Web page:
Pushback: Your home’s power plant could save our energy grid

Al Norman

Al Norman


Published: 05-01-2024 6:01 AM

Tonight, voters in Wendell will act on a new general bylaw regarding licensing requirements for battery energy storage systems. Last Saturday, Shutesbury voters adopted a very similar bylaw. By voting “yes” on this bylaw, Wendell residents will generate a powerful message to both energy companies who are pushing for industrial-scale projects and faster permitting, and to the governor and state officials who view small, home rule governments as “barriers to responsible clean energy infrastructure development.”

Two governors, the state Legislature, and the Supreme Judicial Court are all promoting one path for how to achieve clean energy goals. In 1985, the Legislature passed a law granting solar facilities “protection” from local zoning bylaws. In 2018, Gov. Charlie Baker signed a law establishing a 1,000 megawatt-hour energy storage target by the end of 2025.

In 2020, the Executive Office of Energy and Environmental Affairs created a “2050 Decarbonization Roadmap” saying the amount of solar power needed by 2050 “exceeds the full technical potential in the Commonwealth for rooftop solar.”

In 2022, the Supreme Judicial Court ruled that “large scale systems are key to promoting solar energy.” In 2023, Gov. Maura Healey signed an executive order creating a commission to “accelerate siting and permitting of clean energy infrastructure … to swiftly remove barriers” to the development of clean energy projects.

“The clean energy transition can’t wait,” Healey said. “We’re going to need a lot of new infrastructure, and we’re going to need it fast,” added Lt. Gov. Kim Driscoll.

These state policies reinforce the mantra that the only way for Massachusetts to decarbonize is to build large, and build fast. By promoting “expedited permitting,” the governor has left local communities no permitting power. It is these very communities which could play a significant role in meeting the state’s energy goals. You don’t hear public officials talking about “Virtual Power Plants” (VPP), but you will.

According to the MIT Technology Review, “A virtual power plant is a system of distributed energy resources — like rooftop solar, electric vehicle chargers, smart water heaters — that work together to balance energy supply and demand. A VPP is a way of ‘stitching together’ a portfolio of small resources, while reducing the energy system’s carbon footprint. The ‘virtual’ network has no central physical facility.”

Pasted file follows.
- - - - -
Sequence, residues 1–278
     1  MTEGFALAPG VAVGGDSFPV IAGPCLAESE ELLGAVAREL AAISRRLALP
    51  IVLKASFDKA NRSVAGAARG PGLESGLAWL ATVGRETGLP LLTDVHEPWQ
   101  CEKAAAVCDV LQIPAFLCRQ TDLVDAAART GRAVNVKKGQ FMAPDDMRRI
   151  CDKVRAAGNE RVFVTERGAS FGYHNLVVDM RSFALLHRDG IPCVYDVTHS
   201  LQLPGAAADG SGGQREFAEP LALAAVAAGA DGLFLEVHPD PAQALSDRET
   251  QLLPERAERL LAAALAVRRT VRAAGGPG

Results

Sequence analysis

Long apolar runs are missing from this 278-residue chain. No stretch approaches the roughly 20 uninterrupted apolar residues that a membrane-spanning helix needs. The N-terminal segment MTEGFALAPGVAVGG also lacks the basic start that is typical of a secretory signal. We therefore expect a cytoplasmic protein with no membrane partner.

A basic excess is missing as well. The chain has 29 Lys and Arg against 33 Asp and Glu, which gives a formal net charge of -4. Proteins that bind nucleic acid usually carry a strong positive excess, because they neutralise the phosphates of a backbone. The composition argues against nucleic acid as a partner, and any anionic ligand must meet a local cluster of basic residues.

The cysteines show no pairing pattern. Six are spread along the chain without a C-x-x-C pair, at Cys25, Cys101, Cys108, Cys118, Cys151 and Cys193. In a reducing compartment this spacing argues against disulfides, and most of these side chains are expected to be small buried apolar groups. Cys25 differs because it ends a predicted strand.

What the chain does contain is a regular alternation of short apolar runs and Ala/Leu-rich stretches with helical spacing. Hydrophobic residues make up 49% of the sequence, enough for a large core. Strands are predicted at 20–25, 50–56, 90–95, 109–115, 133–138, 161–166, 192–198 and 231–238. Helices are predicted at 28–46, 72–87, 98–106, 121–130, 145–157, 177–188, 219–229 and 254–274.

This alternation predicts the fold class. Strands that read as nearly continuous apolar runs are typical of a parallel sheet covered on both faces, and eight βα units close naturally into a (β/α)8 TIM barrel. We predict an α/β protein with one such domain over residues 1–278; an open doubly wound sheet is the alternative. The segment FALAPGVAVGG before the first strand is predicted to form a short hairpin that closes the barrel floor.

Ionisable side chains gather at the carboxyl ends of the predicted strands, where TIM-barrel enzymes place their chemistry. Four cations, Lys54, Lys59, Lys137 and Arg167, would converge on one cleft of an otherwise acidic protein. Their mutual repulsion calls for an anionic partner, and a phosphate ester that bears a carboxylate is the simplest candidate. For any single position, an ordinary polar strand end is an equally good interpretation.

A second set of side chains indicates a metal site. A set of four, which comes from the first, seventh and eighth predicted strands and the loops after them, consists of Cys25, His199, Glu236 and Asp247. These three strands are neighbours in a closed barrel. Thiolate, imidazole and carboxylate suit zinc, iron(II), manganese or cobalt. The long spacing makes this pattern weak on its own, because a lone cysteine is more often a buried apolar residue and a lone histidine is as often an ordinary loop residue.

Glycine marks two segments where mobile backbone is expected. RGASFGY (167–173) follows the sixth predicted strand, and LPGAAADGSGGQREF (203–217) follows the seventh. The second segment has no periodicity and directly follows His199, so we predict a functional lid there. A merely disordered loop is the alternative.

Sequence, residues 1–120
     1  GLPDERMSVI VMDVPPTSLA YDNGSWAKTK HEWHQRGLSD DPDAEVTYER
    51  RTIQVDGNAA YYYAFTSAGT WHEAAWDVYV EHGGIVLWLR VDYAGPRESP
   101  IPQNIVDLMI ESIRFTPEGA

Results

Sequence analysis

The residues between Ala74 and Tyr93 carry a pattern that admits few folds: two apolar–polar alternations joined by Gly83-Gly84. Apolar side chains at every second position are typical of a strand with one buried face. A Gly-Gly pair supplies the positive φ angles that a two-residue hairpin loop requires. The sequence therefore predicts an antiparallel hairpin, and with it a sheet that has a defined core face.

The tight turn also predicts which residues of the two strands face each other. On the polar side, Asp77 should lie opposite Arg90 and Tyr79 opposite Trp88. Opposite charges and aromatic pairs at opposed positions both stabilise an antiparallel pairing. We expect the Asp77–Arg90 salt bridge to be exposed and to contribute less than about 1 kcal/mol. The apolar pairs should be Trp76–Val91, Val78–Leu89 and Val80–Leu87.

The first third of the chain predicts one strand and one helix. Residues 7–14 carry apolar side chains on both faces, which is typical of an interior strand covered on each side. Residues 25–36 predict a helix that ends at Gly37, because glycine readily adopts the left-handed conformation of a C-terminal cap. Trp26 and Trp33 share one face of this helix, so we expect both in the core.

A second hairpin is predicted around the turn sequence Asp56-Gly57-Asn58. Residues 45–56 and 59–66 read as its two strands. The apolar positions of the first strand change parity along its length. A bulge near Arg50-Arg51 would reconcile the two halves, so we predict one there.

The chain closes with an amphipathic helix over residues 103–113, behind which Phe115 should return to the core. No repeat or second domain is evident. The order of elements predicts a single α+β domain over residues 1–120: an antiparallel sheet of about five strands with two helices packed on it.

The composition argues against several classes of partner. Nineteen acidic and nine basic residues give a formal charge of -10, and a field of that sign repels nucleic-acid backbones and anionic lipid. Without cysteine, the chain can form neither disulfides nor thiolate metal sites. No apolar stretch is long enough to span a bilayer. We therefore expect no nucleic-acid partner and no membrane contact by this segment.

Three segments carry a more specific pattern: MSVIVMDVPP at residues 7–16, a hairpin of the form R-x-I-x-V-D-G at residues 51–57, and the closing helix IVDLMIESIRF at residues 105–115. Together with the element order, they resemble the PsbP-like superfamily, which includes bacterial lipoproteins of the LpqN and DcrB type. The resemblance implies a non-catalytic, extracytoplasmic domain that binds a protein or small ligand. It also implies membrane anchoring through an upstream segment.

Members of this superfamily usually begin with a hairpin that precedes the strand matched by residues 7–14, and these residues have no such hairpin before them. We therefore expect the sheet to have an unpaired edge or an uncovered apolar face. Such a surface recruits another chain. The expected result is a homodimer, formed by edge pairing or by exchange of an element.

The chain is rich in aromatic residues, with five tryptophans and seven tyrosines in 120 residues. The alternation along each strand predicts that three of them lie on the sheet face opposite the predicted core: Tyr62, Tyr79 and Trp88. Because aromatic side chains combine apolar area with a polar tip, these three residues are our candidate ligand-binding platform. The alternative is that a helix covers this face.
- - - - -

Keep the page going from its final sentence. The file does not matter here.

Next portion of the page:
Conventional power plants have no way to communicate with distributed energy resources — the end users — like the home with rooftop solar, a Powerwall battery in the basement, and an EV charger. Grid operators shave peak demand by controlling networks of smart thermostats that pre-cool homes on days before peak surges occur. Wi-Fi, Bluetooth, and cellular services can coordinate hundreds of thousands of distributed devices, increasing grid reliability.

Green Mountain Power, the Vermont utility company, has operated a VPP for seven years. Customers can lease two Tesla Powerwall batteries for 10 years at half the retail cost. Green Mountain Power gets a source of stored power it can draw from during peak demand. Customers can enroll in a “Bring Your Own Device” program, selling a level of their battery capacity for cash.

Four thousand customers and 18 megawatts of energy storage from small batteries are enrolled in the program. The utility saved $3 million in energy peaks in 2020 due to VPP. Eversource also has a ConnectedSolutions program that rewards customers for allowing the company “to use the energy stored in their battery at times of high demand.”

In a New Yorker article six months ago, environmentalist Bill McKibbon quoted the federal Department of Energy as predicting VPPs could be handling 20% of peak power demand across the country by 2030, at a cost 40% to 60% below current plants. Customers could save 20% on their bills.

“With the advent of the Internet, every person became a potential content producer,” McKibbon writes, “and was connected laterally to everyone else. Now the electric grid is belatedly starting to follow that model, with millions of homes and businesses becoming energy suppliers and storage nodes.”

Urban expropriation of our rural resources is not new. In 1938, four towns were flooded to send water to eastern Massachusetts. In 1972, the Northfield Mountain pumped storage plant opened to meet peak power needs of the metro grid. In 1974, the proposed twin nukes in Montague, and in 2014, the Kinder Morgan gas pipeline used our county as an energy passthrough.

The battery system on Wendell forestland will ship its power to greater Boston. Dispossession by government/corporate fiat is a “barrier” to our energy future. A house-to-house infrastructure of thousands of end users is local power that “can’t wait.”

Al Norman’s Pushback column appears twice per month in the Recorder.